For the series "ideas worth spreading", CMS has copied the nice idea of ATLAS of producing an animated gif with increasing data leading to the Higgs boson discovery.
This is the mass distribution of Higgs boson candidates, detected by collecting events featuring four charged leptons (electrons or muons). The leptons are combined in pairs, and one pair (of same flavour) will usually yield a mass in the ballpark of the Z boson mass; the other pair will have lower energy if it is produced by an off-shell Z boson. Of course all four-lepton pairs compatible with quality criteria are kept, and the mass distribution thus contains a majority of events due to standard model production of ZZ pairs. This is the peaking background at masses above 180 GeV.
Carlo Rubbia discussed the prospects of constructing a muon collider to produce large amounts of Higgs bosons and study their properties in detail, crucially measuring the natural width of the particle, and testing couplings to a precision that LHC can't arrive at, to verify whether the particle is the Standard Model Higgs or if there are anomalies. The talk is discussed in detail in this report
Here I just recall a question I asked Rubbia after the talk:
A short note to mention that starting today, and until Friday, I will be blogging from the "Neutrino Telescopes" conference in Venice. This is a conference dedicated to the study of neutrinos, and will feature many interesting talks on high-energy physics and astrophysics. I will paste here some of the material, but if you are interested in the topic you should check out the blog site of the conference, http://neutel11.wordpress.com/
The LHCb collaboration published on the Cornell Arxiv yesterday a preprint describing the observation of a rare decay of the B_c meson. In this landscape of failed SUSY searches, no-shows of new resonances in dilepton mass spectra, flat dijet mass histograms, and a general gloomy feeling that the Higgs is all we'll get this decade at the high-energy frontier, it is nice to turn to the beautiful little jewels that are still there to be unearthed in heavy meson spectroscopy.
Now that the first of the Moriond conferences is over, and just as the second one starts, it is time to have a detached view at the Higgs boson results presented there this far by the CMS and ATLAS collaborations, to summarize where we stand and what new information we have gained since last fall, when some new results appeared for the HCP conference.
I read with interest the recent disclosure that several biologists suggest they have proven Dollo's Law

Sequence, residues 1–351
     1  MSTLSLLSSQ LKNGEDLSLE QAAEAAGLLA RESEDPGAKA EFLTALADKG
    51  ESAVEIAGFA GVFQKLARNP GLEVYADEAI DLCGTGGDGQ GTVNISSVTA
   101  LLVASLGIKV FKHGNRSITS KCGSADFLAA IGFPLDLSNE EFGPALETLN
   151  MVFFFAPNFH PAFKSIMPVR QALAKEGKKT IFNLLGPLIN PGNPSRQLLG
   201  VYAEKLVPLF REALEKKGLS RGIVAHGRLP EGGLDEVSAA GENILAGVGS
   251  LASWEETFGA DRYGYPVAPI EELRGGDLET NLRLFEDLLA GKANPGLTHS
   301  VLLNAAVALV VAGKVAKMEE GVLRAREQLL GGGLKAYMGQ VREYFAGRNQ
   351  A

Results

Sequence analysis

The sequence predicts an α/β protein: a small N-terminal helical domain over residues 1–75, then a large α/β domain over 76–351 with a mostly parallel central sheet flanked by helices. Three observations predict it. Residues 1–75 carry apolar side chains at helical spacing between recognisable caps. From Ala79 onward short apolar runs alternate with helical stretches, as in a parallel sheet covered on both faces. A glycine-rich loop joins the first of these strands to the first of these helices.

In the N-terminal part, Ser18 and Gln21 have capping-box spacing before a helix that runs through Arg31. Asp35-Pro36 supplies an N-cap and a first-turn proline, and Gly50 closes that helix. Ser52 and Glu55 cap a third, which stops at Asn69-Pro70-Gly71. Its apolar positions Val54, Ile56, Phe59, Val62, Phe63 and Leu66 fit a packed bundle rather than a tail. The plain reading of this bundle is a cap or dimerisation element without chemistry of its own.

(that biological evolution is irreversible, a 1-way path through genetic change and time) is at the very least not perfect and perhaps may simply be wrong.
Never having taken a biology course much less one on evolutionary theory I can't say I know anything much about Dollo's proposition other than that he posed it over 100 years ago and that Richard Dawkins supposedly characterized it more as a statement about probabilities.
Nel 1929 Bruno Rossi, ricercatore presso l’istituto di fisica sperimentale
dell’Università di Firenze [...] intuì quella che sarebbe stata la sua ragione di vita: indagare sulla natura di questi corpuscoli ionizzanti provenienti dall’alto. Doveva realizzare un circuito che permettesse di rivelare e contare le coincidenze che si verificavano in una certa unità di tempo e realizzò uno strumento molto semplice, il circuito a coincidenze.
L’involucro dei tubi Geiger è collegato al polo negativo di una batteria da 1200 volt (non
disegnata). La scarica nei tubi genera un impulso di tensione negativa sulle resistenze da
Understanding and explaining how the Universe works has always been a ultimate goal for mankind. It is impossible to live our conscious existence without asking ourselves whether there is a meaning, a design, or if our existence is just the result of chance; and to avoid asking ourselves what happens after we die, if we will live again, and similar questions. Accepting our mortality is really hard without embracing a potential explanation, a hope, or some kind of faith.
Last week a new important paper appeared in the Arxiv: "MSSM Higgs Boson Searches at the LHC:Benchmark Scenarios after the Discovery of a Higgs-like Particle"
, by M.Carena, S.Heinemeyer, O. Stal, C.Wagner, and G.Weiglein. The paper fills a void that was created after the discovery of the Higgs particle last July by the ATLAS and CMS experiments: a thorough assessment of what constraints on the allowed chunks of SUSY parameter space in the light of the existence of a neutral scalar at 125 GeV.
The technical details of Big Bang, inflationary cosmology, and selected alternative theories are on offer. Popular accounts of the big bang theory, cosmic inflation, and the creation of the universe often leave out details a consumer of science would like to know. Scholarly monographs published the old fashioned way can cost hundreds of dollars per copy, and too often are locked away in university libraries. For general public availability, I present my monograph on the cosmology of the early universe.